are fixed heuristic methods. For deciding the value of a decision, it is necessary for the system operator to have experience. The control order of the control devices is listed in
Table 1
.
Control order of control devices
Control order of control devices
5. Overview of Control Schemes
The procedure for the proposed algorithm is shown as follows (also see
Fig. 3
). The central controller reads the SCADA/EMS power system data. It then runs the power flow calculation to check the key bus voltage. From this result, it calculates the cost function with respect to the discrete devices. Thereafter, it compares the voltage, which is to be regulated in the system, with the reference voltage. If there is voltage violation, it proceeds to the next step, while if there is no voltage violation, it terminates the algorithm. The controller then reads the information data of all discrete control devices. It then checks whether discrete devices are available or not. If discrete devices are available, the controller will move on to the next step. However, if there are none available devices, it will stop. Finally, the controllers will select the feasible devices by the cost function and then return to the step where the key bus voltage is compared to the reference voltage. Starting next steps are the same.
Flow chart of the proposed algorithm
6. Case Study
The Korean power system has about 260 generators and 1400 load buses. Approximately 40% of the total load is concentrated in the metropolitan area, whereas most of the generators are located in the nonmetropolitan areas. Furthermore, most power plants in the nonmetropolitan areas have low generating cost. For this reason, a large amount of active power is transmitted from the nonmetropolitan areas to the metropolitan area via interface lines in order to make the operations of the Korean power system more economical. This transfer of power is defined as an interface flow in the Korean power system. However, any increase in transfer power may lead to voltage instability due to the lack of reactive power support in the metropolitan areas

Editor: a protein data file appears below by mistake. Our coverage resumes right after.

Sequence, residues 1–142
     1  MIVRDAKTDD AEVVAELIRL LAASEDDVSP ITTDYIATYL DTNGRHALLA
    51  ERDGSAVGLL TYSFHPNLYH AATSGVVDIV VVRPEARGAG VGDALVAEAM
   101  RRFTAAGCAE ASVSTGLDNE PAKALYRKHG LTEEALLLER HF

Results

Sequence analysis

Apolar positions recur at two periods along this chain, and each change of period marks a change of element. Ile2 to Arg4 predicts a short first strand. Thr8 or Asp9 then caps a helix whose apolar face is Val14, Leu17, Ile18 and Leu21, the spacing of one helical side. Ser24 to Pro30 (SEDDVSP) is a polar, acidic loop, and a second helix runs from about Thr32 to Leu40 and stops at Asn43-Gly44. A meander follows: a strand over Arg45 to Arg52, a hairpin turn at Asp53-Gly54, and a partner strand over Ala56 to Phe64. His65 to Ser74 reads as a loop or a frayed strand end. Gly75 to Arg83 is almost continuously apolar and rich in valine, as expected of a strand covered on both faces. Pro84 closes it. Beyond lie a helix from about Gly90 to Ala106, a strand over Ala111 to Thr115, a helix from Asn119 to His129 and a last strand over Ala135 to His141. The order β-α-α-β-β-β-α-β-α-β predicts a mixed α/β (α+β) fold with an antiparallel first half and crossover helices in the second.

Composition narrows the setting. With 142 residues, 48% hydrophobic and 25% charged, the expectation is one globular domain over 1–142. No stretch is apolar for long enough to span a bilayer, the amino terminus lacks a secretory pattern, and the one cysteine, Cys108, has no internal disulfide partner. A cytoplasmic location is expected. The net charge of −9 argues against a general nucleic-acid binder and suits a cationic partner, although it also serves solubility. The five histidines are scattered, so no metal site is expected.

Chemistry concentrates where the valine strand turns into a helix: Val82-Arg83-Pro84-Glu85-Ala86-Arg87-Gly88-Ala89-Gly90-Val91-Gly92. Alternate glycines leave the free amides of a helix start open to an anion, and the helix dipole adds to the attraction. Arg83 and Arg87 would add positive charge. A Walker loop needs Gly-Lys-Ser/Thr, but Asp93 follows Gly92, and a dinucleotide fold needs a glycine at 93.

[15]
. Therefore, it is important that the reactive power reserves of power plants in the metropolitan area be accurately defined. The Korean power system is summarized in
Table 2
.
Summary of the Korean power system
Summary of the Korean power system
As shown in
Table 2
, the load level of the metropolitan area is similar to that of the nonmetropolitan area, while the generation gap between the two areas corresponds to a factor of three. As a result, the metropolitan area could receive active power from the nonmetropolitan area because there were very few installed highcapacity plants such as a nuclear power plant.
Table 3
indicates the key buses of the Korean power system and the sensitivity values according to Eq. (9).
Key buses in the Korean power system
Key buses in the Korean power system
Table 4
shows the shunt capacitors installed in the important 154 kV buses of the metropolitan area. In particular, these represent every available control capacitor.
Control capacitor lists
Voltage violations in the metropolitan area according to contingencies are identified and control locations and amounts of shunt capacitors needed for interface flow maximization are determined. The key buses in the metropolitan area are Sinsungnam and Sinbupyung from
Table 3
. The contingency scenarios are as follows (can see in
Table 5
):
Interface flow contingency lists
Interface flow contingency lists
Table 6
and
Table 7